The heat island effect is not just a reason that temperatures at urban weather stations might increase faster than at rural stations, requiring care in constructing temperature time series, it also has implications for urban planning.  The question for planners is how to increase water evaporation in cities. This requires plants, water features and unpaved ground. Easy to say, but dense development is a consequence of efficient commercial usage. The higher the price of land, the harder it is to convince people to leave open spaces in a city.

So you need good arguments. The German Weather Service is increasingly providing these. In cities such as Munich and Frankfurt, the German authorities had already produced thick planning reports showing how climate change might affect the urban climate and where development should be less dense. Hills near the city which are not developed can work like air conditioners. When cool at night, dense cold air forms on the hilly heights and that air flows under gravity like a river into the valleys. If the cold air lanes are not blocked by buildings the city can breathe this cold fresh air.

The German Weather Service in Cologne is also busy. Measuring vehicles are driving through the city to map out where in hot weather it is especially warm and show how the Rhine can help cool the city somewhat.  As climate change accelerates the mayor and city councilors need to understand more and more its impacts on the urban climate, and what rules to follow for urban and green planning. Besides air conditioning the frequency of extreme weather events plays a major role. Ten years ago there were summer floods on the Elbe after extreme rainfall that caused havoc in the old town area of Dresden. The weather conditions in the southeast brought up warm, humid air masses that led to the heavy rains.  With increasing warming such events could be more frequent. Cities must therefore address the question of how to better protect against high water instead of, as before, by canalizing rivers which strengthens flooding. Here very different groups and research organizations in meteorology, hydrology and water management, urban planning, landscape architecture and ecology have to work together.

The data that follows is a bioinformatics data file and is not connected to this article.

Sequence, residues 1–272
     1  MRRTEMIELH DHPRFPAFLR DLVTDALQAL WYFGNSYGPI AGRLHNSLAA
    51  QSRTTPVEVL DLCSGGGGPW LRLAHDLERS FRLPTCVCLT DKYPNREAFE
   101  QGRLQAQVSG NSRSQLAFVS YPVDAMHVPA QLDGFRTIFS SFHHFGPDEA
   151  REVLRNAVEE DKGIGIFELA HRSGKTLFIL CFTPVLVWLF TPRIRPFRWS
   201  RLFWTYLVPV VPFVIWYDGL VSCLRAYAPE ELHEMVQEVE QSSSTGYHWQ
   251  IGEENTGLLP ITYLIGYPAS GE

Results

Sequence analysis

Interim results of such a project were presented to the city of Cologne in 2010 which welcomed them.  The report identified temperature differences of up to eight degrees between densely populated areas and those crisscrossed by green spaces. The project's results are available from the city on its website.(in German) Within this framework municipal officials need to understand that the challenge of climate change is long since not "if" it must be dealt with, but only "how", and what need to be done now.

Cologne has set up a system of 14 climate stations in the city to measure changes and guide the city's response


David B. Benson said...

And sometimes it becomes unbearably hot:


The problems of Prandtl layer friction and hindrance of transpirational cooling are compounded by low urban albedo.

Black asphalt roofs and paving redouble the solar heat load in areas where impermeable ground limits evaporative heat dissipation, and run off often gathers in water features with albedos as low as the asphalt surrounding them.

The downside of low urban albedo has not gone un-noticed.

27 centuries before the current vogue of white roofs and 'cool cities ' initiatives, Solon The Lawgiver issued an edict ordering Athenians to whitewash their houses once a year.

Anonymous said...

"The houses act like huge kernels of sand and calm the wind in urban areas."

Is "surface roughness" (which impacts the drag coefficient) really the reason that cities impede air flow?

Or is it mainly the increase in area normal to the direction of air flow? (ie, the fact that buildings block wind)



Now we know why the Anonymous Number does not figure much in fluid dynamics lectures.

Anonymous said...

Russell, please do enlighten me ... with physics (eg, drag equation) , as opposed to silly attempts at insults.


J Bowers said...

"Or is it mainly the increase in area normal to the direction of air flow? (ie, the fact that buildings block wind)"

Isn't that more surface roughness anyway, but big?

David B. Benson said...

That is indeed more surface roughness.